The moment I felt myself hit the ground, I knew something bad had happened. As I landed, I heard a sound which the x-rays in the Emergency room would soon confirm, was the sound of my both my leg bones breaking.
As I sat in the dirt watching my horse slowly amble away, I wished for a rewind button. All I needed was three seconds. Three seconds ago everything was OK; it was a hot, sunny day in late summer, my horse was underneath me, I could walk... In fact, just an hour earlier, while trail riding in the woods and contemplating the year I’d experienced and the loss of my brother, I’d had the distinct and surprisingly positive thought that, “Literally anything I want to achieve, I can, I just have to do it!” But now, one hour and three seconds later, lying in the dirt, those words seemed like a cruel taunt, moving away from me as slowly and mockingly as the horse who had just caused my fall.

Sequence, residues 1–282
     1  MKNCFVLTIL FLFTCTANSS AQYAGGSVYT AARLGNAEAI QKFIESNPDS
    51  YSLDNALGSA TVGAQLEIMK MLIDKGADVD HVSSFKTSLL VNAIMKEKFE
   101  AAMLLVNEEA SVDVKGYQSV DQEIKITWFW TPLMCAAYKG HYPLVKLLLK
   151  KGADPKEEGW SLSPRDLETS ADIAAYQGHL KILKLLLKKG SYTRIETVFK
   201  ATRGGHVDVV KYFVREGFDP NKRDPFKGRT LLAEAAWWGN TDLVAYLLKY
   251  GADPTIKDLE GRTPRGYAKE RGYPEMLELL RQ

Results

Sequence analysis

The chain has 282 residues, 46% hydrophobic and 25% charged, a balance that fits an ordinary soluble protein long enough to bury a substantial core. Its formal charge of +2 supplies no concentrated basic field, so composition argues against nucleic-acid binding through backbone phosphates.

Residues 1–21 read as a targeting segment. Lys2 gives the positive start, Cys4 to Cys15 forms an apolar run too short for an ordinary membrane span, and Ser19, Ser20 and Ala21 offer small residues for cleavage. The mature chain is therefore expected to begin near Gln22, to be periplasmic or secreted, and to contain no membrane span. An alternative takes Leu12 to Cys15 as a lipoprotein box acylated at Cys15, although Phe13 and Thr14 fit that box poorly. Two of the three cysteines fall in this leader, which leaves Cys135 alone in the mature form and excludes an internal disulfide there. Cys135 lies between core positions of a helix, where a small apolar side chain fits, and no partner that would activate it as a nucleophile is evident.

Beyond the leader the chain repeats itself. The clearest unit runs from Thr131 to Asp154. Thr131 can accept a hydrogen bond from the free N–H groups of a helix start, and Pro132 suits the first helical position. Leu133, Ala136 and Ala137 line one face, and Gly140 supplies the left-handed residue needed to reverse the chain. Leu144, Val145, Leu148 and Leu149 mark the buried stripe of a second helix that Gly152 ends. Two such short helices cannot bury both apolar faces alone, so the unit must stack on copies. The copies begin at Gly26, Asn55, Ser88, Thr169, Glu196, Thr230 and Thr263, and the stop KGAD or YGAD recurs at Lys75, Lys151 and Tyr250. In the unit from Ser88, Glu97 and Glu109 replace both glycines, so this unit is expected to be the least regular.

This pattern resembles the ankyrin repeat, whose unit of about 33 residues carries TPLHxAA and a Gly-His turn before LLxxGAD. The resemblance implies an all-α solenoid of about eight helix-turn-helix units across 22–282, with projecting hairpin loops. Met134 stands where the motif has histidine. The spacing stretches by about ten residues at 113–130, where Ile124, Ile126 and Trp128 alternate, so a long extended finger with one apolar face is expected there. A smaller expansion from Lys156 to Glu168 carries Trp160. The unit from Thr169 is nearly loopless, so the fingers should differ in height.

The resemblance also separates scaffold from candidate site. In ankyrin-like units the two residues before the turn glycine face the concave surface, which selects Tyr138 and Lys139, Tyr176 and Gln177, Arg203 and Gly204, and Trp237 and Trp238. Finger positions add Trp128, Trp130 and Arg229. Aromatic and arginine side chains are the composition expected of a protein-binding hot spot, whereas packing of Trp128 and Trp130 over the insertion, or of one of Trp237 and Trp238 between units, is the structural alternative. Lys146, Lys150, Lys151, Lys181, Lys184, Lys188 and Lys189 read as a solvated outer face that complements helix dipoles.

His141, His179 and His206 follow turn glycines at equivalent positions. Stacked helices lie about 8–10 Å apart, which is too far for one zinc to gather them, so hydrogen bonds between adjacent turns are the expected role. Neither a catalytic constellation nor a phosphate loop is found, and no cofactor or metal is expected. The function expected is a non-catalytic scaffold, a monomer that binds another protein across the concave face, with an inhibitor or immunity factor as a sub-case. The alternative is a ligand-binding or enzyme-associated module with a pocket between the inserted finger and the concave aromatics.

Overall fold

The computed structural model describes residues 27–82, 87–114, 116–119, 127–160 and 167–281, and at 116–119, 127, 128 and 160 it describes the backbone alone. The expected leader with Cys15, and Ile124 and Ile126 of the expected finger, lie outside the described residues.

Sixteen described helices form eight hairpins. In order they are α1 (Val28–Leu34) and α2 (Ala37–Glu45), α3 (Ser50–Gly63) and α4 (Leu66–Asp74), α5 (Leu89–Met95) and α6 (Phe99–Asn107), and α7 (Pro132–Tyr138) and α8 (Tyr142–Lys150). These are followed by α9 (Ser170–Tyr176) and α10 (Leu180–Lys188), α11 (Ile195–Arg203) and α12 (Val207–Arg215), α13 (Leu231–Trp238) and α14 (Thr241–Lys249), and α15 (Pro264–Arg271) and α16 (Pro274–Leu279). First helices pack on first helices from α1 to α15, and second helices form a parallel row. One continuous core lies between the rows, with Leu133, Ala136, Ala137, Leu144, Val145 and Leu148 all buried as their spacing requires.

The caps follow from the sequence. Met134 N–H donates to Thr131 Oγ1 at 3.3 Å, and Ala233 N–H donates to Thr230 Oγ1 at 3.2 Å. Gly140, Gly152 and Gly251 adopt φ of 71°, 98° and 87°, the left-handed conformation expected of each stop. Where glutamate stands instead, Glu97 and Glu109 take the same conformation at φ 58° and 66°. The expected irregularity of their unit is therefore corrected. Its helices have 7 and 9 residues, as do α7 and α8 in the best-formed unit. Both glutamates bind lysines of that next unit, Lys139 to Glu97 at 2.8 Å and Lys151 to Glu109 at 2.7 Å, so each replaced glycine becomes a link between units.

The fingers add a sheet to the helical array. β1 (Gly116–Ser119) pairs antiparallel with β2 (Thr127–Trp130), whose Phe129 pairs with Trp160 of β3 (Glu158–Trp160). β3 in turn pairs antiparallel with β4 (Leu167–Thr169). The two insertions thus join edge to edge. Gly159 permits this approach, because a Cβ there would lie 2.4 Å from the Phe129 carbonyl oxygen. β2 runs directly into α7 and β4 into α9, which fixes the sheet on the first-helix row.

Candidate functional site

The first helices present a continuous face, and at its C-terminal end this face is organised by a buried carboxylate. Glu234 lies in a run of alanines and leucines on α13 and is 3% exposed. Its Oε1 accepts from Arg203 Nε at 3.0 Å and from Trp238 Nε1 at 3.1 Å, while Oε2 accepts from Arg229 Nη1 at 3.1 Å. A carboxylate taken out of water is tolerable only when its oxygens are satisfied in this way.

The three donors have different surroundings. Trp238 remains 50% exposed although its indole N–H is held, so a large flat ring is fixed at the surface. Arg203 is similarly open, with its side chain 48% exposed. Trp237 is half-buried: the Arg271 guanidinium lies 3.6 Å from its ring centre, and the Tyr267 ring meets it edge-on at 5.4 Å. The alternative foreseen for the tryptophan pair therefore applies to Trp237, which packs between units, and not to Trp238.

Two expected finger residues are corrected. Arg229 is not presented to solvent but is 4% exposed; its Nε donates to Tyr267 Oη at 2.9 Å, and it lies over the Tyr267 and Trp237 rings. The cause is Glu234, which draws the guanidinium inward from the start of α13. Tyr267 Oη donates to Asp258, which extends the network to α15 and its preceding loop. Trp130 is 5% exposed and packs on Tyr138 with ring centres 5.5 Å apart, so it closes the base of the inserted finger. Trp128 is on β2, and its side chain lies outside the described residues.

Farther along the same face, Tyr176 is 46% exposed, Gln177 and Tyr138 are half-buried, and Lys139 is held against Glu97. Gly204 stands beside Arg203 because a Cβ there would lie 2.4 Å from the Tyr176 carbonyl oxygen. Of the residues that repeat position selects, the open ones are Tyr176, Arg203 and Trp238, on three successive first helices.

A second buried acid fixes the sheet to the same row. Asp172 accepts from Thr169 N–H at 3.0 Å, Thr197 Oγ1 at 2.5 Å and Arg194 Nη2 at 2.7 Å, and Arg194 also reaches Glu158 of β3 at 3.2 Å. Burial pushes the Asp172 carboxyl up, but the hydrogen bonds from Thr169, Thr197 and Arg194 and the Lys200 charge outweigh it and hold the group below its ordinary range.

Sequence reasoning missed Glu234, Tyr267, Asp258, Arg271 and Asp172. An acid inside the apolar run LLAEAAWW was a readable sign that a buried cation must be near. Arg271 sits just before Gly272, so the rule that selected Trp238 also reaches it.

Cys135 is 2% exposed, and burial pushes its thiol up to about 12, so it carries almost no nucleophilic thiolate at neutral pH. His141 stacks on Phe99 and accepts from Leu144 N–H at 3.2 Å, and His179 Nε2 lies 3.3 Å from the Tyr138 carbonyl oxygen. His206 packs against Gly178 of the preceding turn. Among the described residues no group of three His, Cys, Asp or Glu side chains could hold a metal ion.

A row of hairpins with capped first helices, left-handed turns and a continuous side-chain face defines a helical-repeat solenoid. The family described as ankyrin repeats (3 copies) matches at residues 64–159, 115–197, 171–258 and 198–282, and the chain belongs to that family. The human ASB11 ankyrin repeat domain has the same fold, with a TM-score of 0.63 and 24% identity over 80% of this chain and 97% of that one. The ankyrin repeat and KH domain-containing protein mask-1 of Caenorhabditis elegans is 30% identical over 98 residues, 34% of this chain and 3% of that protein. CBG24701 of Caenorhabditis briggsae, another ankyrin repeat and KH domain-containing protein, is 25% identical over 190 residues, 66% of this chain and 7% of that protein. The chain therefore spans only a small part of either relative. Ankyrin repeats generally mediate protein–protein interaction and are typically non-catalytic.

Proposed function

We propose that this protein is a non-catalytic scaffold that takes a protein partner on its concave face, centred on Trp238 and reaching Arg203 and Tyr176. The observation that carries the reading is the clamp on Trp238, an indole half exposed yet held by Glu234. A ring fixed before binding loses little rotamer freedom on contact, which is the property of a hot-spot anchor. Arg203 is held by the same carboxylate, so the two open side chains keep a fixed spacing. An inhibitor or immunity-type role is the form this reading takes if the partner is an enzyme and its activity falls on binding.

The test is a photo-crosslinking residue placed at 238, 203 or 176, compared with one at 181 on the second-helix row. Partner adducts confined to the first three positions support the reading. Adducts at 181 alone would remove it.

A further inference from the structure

The next thought that passed through my mind as I sat there in the dust was to wonder how long it would be until my busted leg would be sturdy enough to step into a stirrup again and bear my weight as I swung over the saddle.
The answer to that question came a few hours later when the very nice ER doc told me that I’d broken my leg in three places and it would be at least three or four months until I could walk again. I’d need surgery and plates and pins.